Opening of the Faces of War photography exhibition

Your Excellency (Ambassador Kononenko),

Ms Savitskaya,
Ms. Kuzina,
Mr Hoogsteder,
Mr. Chekmenev en


Anna Savitskaya,

The war in Ukraine forced you to come to The Hague. And with you, the annual Photo Kyiv event also moved to our city. Your team is currently spread all over Europe, where they are living and working. Yet, together with Ivanna  Bertrand you have managed to put together this impressive exhibition.

Willem Jan Hoogsteder, to whom I recently had the honour of presenting a Royal Decoration, recognized the importance of showing this work as soon as possible. Because of its timeless quality. Because of the power of the image in the current struggle. That you have so generously made this exhibition space available free of charge is wonderful.

The combination of indictment and aesthetics can make us feel uncomfortable. This exhibition clearly shows the added value of that. Where news photography is essentially about reporting, these documentary photographs present us with the facts. And lends them an eloquence which goes beyond the simply newsworthy. It makes them iconic and ensures that they will not be forgotten.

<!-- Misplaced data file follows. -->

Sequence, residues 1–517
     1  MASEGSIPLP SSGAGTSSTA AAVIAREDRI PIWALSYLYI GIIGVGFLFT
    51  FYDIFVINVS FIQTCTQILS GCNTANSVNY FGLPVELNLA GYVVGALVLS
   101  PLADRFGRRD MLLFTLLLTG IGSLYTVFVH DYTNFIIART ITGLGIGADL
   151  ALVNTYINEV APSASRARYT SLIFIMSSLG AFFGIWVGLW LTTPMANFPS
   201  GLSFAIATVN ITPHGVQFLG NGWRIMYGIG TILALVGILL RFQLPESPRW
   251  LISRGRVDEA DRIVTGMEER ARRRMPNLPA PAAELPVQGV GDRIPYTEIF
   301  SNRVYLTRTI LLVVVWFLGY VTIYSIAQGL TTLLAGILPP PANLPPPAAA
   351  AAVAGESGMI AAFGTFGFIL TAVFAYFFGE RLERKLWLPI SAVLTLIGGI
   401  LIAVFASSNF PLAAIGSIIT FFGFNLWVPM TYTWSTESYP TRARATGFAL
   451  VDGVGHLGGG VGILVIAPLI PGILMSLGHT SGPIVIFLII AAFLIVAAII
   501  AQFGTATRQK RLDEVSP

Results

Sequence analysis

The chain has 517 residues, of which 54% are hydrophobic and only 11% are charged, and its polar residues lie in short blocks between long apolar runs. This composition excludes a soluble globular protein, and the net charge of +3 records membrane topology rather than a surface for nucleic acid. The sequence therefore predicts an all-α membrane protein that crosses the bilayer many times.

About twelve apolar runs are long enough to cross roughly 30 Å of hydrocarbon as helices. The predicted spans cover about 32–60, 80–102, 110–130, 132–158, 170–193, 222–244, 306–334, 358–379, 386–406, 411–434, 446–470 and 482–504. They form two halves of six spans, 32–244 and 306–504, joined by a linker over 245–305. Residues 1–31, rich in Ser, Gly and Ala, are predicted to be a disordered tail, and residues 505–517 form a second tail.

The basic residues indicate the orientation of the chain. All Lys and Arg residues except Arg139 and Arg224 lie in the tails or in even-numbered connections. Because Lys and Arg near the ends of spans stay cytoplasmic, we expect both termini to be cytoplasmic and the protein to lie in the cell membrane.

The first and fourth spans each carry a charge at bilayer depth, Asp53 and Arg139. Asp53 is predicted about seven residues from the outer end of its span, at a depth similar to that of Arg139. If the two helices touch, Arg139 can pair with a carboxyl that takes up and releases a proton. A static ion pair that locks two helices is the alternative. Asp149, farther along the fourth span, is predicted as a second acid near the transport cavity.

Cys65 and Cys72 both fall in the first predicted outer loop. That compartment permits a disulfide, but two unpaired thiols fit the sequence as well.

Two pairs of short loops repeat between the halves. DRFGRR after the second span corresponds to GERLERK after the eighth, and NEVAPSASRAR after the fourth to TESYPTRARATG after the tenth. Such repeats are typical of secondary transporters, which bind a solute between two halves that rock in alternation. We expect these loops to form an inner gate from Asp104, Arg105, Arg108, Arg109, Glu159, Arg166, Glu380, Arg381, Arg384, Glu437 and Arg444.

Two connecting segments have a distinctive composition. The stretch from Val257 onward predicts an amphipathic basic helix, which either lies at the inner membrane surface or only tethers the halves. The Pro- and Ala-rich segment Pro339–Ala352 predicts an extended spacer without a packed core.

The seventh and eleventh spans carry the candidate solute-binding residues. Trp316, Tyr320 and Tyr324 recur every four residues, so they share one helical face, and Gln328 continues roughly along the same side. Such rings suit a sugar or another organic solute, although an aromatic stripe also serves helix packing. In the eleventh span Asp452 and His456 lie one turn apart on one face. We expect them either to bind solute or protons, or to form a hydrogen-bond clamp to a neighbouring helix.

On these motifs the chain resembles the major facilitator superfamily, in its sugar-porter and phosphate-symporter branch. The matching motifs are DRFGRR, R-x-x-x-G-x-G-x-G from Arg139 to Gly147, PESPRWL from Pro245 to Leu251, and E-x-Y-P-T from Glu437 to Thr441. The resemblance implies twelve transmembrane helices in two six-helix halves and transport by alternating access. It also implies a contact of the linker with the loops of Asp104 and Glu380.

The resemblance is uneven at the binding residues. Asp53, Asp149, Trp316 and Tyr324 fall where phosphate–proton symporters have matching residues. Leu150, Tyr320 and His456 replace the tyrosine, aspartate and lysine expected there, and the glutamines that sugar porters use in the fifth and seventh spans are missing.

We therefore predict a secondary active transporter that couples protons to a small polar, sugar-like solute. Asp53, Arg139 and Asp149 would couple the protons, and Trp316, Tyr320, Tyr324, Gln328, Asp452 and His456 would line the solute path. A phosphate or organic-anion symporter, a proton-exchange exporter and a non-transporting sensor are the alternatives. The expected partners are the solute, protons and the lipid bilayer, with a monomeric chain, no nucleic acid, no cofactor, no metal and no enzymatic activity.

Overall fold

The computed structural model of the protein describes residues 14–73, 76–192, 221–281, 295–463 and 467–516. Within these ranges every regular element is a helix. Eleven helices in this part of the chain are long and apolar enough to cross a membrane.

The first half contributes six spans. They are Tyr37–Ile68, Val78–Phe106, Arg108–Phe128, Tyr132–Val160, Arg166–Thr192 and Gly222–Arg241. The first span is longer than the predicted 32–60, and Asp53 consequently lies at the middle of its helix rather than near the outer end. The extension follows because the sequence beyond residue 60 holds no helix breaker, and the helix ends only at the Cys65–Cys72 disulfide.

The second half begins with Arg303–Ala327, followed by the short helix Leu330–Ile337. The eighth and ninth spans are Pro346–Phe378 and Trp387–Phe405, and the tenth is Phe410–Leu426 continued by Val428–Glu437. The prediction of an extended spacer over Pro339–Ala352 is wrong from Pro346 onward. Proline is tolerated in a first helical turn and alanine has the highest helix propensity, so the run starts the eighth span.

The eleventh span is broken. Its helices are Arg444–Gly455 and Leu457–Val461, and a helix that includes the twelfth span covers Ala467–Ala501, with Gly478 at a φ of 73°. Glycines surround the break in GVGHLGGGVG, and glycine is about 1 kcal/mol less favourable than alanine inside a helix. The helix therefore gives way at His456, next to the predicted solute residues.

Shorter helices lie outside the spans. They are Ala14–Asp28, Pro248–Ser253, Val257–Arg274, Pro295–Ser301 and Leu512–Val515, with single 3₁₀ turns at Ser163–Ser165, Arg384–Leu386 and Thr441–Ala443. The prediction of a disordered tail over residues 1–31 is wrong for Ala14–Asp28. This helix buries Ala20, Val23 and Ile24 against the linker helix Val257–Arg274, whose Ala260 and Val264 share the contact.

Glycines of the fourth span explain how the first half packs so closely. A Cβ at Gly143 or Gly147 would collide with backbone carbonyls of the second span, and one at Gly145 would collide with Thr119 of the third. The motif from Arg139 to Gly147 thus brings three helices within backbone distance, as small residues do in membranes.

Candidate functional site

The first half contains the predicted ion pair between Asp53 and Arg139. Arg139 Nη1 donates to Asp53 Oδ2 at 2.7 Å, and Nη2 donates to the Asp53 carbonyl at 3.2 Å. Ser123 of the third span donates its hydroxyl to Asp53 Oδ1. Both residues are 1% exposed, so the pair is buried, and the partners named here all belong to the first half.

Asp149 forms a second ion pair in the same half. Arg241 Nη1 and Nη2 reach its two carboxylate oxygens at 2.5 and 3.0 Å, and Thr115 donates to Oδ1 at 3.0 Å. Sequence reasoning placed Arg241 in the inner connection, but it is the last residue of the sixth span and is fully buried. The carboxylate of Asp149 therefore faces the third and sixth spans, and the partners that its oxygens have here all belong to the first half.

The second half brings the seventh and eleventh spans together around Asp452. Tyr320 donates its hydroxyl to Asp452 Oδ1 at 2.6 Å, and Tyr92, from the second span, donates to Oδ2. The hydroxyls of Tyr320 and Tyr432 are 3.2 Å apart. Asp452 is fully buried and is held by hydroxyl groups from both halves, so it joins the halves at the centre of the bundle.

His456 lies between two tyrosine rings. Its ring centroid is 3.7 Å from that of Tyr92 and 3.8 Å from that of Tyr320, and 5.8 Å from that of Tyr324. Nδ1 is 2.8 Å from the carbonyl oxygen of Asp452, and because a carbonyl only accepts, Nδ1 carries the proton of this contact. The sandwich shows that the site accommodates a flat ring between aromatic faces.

That can clearly be seen in the work of Alexander Chekmenev. His portraits show the difficult lives of vagrants, the homeless and the mentally ill, but also of miners and others who have been abandoned in what he describes as “the failing post-Soviet state”. Now that there is war there, for The New York Times he photographed people in their shelters and in other places where they are trying to make the best of it. Often captured in a Rembrandt-like light. With no gloss, but a varnish that preserves the facts.

In her images, Oksana Parafeniuk always looks for the resilience and dignity of people in difficult circumstances. As migrants, refugees on the run, or plagued by misfortune from which there is little or no escape. For The Washington Post she told the story of young Ukrainian cancer patients who were transferred to Poland so that their treatment could continue there. Searing portraits of grief and fear, but of hope and resilience, too.

That hope and resilience is something we wish for all Ukrainians, and everyone in The Hague who feels connected with Ukraine.